If NDT Is so Good, Why Won’t My Doctor Prescribe It?

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Originally published on 1st April 2016 
Last updated on 26th February 2019

Many people with hypothyroidism don’t feel well on T4-only medications such as Levothyroxine or Synthroid, yet when they ask their doctor about trying a different medication, such as Natural Desiccated Thyroid, many doctors refuse. 

If it’s so good at treating hypothyroidism, why won’t my doctor prescribe it for me? 

According to Dr Barry Durrant-Peatfield, Natural Desiccated Thyroid was used in the early 1900’s to  1950’s with great effect on patients.

As a simple overview, a pig’s thyroid gland closely resembles the human thyroid gland, therefore it provides the multiple components missing in hypothyroid patients when their thyroids starts dysfunctioning; T1, T2, T3, T4 and Calcitonin.

T4 is the storage hormone, and T3 the most active.

Standards of Testing Levels 

Thyroid Pharmacist, Isabella Wentz, explains that the standards of testing the level of hormones in NDT in its early days, were nowhere near today’s standards, so this sometimes resulted in inaccurate dosing. Doses were compounded and apparently any pharmacist could put any amount into a capsule, so this was not always an accurate process. The scale they used was not very sensitive, either.

Today’s standards for compounding have changed though, with more-sensitive scales used, by specially trained pharmacists, in specially certified compounding pharmacies. So this is no longer an issue.

However, in the 1950-60’s, pharmaceutical companies noticed that doctors were frustrated with inconsistent results from the above mentioned process, so they created a more predictable product that they claimed was more reliable (and that they could make some money out of, not forgetting); isolated T4-only medication. This was the birth of Levothyroxine and other T4 medications.

The Birth of T4-only Synthetics 

Manufacturers of T4-only medication claimed that patients taking T4 on its own, could convert the T4 into some T3, which is arguably the most needed thyroid hormone, as it is the essential active thyroid hormone. The other three thyroid hormones produced, T1, T2 and Calcitonin, are only produced and needed in very tiny amounts. So, taking isolated T4 made sense in theory, as long as it’s going to convert in to the T3 that we need.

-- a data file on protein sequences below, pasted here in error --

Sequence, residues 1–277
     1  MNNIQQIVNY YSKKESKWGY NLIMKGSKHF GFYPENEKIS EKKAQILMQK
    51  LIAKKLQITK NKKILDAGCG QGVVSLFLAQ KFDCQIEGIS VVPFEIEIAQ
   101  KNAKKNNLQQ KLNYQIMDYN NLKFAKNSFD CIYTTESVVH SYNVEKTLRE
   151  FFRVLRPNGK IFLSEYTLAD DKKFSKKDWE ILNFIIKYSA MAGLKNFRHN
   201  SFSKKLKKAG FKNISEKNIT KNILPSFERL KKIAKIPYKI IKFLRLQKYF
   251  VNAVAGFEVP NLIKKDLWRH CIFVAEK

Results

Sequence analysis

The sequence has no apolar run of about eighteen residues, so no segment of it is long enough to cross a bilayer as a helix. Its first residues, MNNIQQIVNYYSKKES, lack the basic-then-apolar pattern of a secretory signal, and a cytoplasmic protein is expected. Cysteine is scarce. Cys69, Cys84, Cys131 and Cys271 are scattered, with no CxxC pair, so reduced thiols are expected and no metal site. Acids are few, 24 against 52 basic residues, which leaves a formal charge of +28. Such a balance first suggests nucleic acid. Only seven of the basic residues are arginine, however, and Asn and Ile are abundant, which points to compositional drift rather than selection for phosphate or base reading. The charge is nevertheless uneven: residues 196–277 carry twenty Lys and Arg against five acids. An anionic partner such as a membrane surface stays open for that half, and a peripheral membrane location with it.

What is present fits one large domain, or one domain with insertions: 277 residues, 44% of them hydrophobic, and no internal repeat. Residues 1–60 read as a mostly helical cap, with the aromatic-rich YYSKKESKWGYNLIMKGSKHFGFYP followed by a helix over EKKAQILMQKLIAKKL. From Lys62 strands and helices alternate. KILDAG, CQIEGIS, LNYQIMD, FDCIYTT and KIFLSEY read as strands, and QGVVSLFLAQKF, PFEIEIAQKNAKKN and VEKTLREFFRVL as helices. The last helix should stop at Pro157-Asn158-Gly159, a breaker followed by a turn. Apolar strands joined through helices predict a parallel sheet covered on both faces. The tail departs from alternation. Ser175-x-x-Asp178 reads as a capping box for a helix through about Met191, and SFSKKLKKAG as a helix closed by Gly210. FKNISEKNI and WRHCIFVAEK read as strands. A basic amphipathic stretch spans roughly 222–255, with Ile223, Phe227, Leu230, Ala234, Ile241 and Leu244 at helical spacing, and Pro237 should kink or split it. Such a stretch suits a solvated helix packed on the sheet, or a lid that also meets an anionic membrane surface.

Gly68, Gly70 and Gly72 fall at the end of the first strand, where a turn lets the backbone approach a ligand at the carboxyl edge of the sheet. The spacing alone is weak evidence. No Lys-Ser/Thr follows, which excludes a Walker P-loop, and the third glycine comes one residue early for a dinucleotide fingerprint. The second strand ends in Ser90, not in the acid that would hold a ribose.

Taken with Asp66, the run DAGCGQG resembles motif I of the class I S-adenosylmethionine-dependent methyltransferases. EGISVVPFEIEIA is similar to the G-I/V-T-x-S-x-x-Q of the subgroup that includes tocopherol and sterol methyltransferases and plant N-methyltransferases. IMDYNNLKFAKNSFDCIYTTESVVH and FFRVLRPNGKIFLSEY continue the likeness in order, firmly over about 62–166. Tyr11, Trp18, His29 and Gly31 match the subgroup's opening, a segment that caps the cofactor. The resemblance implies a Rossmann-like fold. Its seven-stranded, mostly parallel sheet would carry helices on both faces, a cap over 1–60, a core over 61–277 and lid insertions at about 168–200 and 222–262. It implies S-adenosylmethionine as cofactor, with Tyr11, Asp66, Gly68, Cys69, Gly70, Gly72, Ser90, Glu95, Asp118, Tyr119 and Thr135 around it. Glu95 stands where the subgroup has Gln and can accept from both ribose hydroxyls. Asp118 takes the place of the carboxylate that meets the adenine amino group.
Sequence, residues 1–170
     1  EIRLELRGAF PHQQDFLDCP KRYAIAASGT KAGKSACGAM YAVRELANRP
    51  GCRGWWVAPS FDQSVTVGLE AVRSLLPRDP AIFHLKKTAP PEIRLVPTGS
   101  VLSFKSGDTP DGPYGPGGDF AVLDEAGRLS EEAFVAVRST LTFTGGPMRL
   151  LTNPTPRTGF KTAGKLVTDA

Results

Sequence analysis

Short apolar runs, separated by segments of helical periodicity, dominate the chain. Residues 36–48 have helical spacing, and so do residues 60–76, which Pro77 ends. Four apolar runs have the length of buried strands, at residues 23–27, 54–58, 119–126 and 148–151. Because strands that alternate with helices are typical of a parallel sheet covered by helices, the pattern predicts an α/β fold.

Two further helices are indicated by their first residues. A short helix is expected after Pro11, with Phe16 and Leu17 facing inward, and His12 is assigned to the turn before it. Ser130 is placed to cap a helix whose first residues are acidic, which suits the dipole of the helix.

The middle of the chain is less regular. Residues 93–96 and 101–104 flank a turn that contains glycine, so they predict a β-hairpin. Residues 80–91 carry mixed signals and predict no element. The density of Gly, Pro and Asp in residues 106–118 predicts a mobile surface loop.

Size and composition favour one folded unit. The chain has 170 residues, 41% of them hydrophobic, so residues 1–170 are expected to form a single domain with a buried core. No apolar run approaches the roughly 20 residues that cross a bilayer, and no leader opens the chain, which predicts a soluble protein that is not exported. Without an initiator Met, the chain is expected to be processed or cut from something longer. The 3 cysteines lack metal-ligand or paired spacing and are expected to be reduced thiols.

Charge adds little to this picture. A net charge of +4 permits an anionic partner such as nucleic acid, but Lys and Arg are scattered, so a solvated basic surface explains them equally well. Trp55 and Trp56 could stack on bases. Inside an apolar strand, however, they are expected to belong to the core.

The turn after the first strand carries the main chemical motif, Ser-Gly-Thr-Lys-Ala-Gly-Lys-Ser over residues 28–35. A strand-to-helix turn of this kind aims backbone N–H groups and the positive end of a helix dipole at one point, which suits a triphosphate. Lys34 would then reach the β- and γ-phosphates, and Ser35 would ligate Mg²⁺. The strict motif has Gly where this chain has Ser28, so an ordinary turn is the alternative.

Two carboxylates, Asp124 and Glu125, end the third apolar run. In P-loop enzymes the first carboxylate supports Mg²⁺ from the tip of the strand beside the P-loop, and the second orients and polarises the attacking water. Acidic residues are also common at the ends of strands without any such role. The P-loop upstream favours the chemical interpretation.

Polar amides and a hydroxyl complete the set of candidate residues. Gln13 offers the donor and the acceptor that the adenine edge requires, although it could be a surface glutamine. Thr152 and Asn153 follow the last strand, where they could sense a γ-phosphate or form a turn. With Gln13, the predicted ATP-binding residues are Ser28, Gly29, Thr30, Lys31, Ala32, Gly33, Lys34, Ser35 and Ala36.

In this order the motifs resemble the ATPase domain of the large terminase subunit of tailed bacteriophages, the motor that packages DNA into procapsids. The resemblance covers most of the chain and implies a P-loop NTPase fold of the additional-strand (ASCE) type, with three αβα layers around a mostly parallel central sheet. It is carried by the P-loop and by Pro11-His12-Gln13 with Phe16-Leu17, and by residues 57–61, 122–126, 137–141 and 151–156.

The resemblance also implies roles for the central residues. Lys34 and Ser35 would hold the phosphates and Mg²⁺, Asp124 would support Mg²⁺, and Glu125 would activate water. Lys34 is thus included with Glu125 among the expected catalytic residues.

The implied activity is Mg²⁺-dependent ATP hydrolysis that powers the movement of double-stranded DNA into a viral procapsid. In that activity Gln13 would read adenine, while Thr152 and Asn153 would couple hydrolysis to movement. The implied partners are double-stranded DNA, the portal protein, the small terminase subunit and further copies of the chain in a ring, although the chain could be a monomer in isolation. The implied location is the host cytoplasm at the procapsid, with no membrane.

But a lot of people always have and always will struggle to convert T4 in to T3. And the body isn’t meant to live on T4, a storage hormone, alone.

Also, T4-only medication was not the only medication with improved predictability at this time, as eventually, NDT’s dosage variability was addressed too, but by that time, it had fallen out of favour, with T4-only medications being pushed and misinformation surrounding NDT circling to further support synthetic T4 use.

The pharmaceutical companies went on to patent their T4-only drug brand names, so this is where we can start to suspect that money was a big factor in NDT’s decline, especially as NDT comes from a natural (animal) source, so cannot be patented. Therefore, pharmaceutical companies were going to do whatever they could to encourage the decline in this medication they didn’t stand to make as much money off, and push for T4 to become the new norm.

Imagine if our doctors began prescribing NDT over the patented T4-only medications. Those pharmaceutical companies wouldn’t profit, would they?

Pharmaceutical companies make more money on synthetic products. NDT is natural and cannot be patented.

False Claims About NDT

STTM explain that at the time of this, a lot of false claims were also circulating, regarding how ‘unsafe’ NDT was. It’s suspected that these claims could have been started by the pharmaceutical companies and doctors backing the switch to T4-only meds and myself and others wonder if they were (possibly still are?) receiving incentives for prescribing T4-only meds, from “big pharma.”

The false claims about NDT were later confirmed to be a hoax, but by the time this was identified, the damage to NDT had already been done, and T4-only meds were now the number one drug of choice for hypothyroidism.

Some doctors these days still believe these false claims, and claim NDT to be unsafe or inconsistent. Most patients who use it completely disagree though.

T4 Sponsorship 

It has also been claimed that the makers of T4-only medication such as Synthroid for example, have sponsored and continue to sponsor medical meetings, golf outings, symposia, research grants, and speakers’ fees, and have provided free patient literature, pens, pads, mugs, and other giveaways and marketing items. So the doctor’s prescribing it have a lot to gain. Alternatively, they also have a lot to lose if they don’t…